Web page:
By G. KRISHNAN – SJFI Member
We have already had all sorts of actions from the first three matches of this year’s IPL in the UAE. Terrific batting displays, some outstanding bowling efforts, smart catches, Virat Kohli’s Royal Challengers Bangalore win their opening game, a tie and a Super Over, though as one-sided a Super Over as one can get, and of course an umpiring blunder.
Umpire Nitin Menon wrongly calling Chris Jordan one short in Game 2 of IPL 2020 on Sunday night when he was very well inside while turning for the second run cost Kings XI Punjab the all-important run. Had it not been called one short, Kings XI Punjab would have won by six wickets against Delhi Capitals in the 20th over with that four that Agarwal hit to long-on.
Menon from Madhya Pradesh has officiated in three Tests, 24 ODIs and 16 T20Is. He was elevated to ICC’s Elite Panel of Umpires for 2020-21 in June this year, succeeding S. Venkataraghavan and S. Ravi as the only Indians reaching that highest position that is there for umpires. His mistake actually robbed KXIP of crucial two points, which could matter in the team entering the Play-offs and not.
Is Menon really to be blamed? Usually the umpire at the striker’s end is required to stand in line with the popping crease to make correct line decisions. But, with the advent of television cameras at almost all possible angles, the striker’s end umpire is told to stand either to the left side or the right side of the line of the popping crease. This is because he does not come in line with the view of the cameras placed outside the boundary. So, he is not in a straight line to judge correctly if the bat is grounded or not. If he is not in the best position, how can he make decisions on his own?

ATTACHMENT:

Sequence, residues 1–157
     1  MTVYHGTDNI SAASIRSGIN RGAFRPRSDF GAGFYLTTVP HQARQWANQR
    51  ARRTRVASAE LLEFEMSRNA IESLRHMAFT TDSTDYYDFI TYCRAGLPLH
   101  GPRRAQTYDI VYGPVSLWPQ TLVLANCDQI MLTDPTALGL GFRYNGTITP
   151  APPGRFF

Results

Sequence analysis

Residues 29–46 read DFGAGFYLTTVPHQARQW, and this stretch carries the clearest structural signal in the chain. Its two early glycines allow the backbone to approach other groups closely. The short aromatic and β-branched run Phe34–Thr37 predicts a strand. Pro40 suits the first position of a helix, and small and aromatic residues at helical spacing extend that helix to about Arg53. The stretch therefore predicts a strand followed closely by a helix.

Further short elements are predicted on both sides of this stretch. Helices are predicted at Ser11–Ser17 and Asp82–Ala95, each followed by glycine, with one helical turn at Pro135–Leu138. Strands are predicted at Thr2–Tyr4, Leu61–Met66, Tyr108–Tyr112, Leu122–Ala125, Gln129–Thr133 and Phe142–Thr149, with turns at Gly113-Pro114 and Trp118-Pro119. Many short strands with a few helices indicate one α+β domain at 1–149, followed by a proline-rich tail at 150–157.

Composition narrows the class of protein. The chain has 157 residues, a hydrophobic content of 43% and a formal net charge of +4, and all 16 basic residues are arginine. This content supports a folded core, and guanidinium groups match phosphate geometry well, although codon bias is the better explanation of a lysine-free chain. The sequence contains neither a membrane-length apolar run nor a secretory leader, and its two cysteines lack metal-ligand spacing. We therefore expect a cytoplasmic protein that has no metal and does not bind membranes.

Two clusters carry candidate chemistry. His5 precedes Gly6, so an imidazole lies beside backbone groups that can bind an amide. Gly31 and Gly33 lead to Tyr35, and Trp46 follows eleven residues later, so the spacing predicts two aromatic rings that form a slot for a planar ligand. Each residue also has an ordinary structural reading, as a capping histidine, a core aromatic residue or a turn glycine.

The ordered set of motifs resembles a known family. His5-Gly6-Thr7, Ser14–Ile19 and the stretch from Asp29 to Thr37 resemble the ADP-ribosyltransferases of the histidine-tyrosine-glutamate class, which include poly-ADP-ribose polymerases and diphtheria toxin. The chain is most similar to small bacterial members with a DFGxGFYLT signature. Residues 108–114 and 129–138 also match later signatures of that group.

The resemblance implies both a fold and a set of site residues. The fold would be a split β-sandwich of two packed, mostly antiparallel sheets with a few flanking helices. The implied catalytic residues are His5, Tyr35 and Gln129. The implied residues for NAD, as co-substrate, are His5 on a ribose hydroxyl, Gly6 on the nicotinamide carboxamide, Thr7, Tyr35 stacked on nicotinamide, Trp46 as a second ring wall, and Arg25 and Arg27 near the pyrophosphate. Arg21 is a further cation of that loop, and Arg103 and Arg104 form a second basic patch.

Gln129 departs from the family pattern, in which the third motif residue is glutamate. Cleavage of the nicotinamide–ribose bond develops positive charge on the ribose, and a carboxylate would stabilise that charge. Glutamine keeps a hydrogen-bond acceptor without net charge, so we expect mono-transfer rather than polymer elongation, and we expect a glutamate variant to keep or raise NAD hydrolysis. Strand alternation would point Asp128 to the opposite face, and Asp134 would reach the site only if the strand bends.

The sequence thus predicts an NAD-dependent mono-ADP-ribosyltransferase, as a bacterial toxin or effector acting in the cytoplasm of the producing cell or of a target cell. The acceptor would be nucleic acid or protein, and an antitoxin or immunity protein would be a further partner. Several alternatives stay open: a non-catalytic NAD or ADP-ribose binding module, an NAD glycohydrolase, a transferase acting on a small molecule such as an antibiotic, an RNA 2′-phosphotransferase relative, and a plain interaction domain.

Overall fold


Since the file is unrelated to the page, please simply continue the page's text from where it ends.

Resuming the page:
When the umpire is not in a position to judge clearly whether it was one short or the bat was grounded inside, he must be allowed to make use of the technology. Very conveniently, for every line decision, be it for run out or stumped appeals, the umpires take the safest route and refer to the television umpire even in instances when the batsman is well out of the crease even to the naked eye or made well his ground.
Why not make use of the technology when it is available?
The umpire’s mistake has robbed KXIP of a win. It will be interesting to see if the protest lodged by Kings XI Punjab with the match referee Javagal Srinath is upheld and the result of the match reversed.
NO BALL CALLED BY 3RD UMPIRE
Another topic for discussion is about the No Ball called by the third umpire. With the new ICC rule allowing third umpire to call No Ball, it denies the batsman the chance to hit the ball high and long for a maximum.
When a No Ball is called by the on-field umpire immediately after the bowler oversteps the popping crease, the batsman, knowing very well that he cannot be dismissed except through Run Out, Obstructing the field or Hit the ball twice, takes the risk and goes after the bowling. If it connects, it’s a six, if it is caught, he is still not out.
In Sunday’s match, DC’s Marcus Stoinis faced this situation when No Ball was called, not by the bowler’s end umpire but by the third umpire. This coming off the final ball of the innings, Stoinis would well have taken a chance and gone for another mighty heave had he known it was a No Ball before the ball reached him.
Now, since the third umpire calls after seeing it on the TV, the batsman does not get this chance to take a risk. Though the team gets an additional ball, and in limited-overs, a Free Hit, he does not get that freedom to have a go at the delivery just because the bowler’s end umpire has not called it.
In this context, I remember what the late VB Chandrasekhar, former India opener, national and Chennai Super Kings selector and television commentator, once told me: “Have an umpire on the field only to check the front foot No Balls instead of having a square-leg umpire, who anyways refers almost everything to the third umpire for line decisions.”
The cricket authorities have much to ponder over to ensure that technology is made full use of. Yes, umpires are humans and bound to make mistakes. But when technology is there, use it. It only helps in minimising mistakes. And certainly blunders of ‘one-short’ like what Menon did can be eliminated.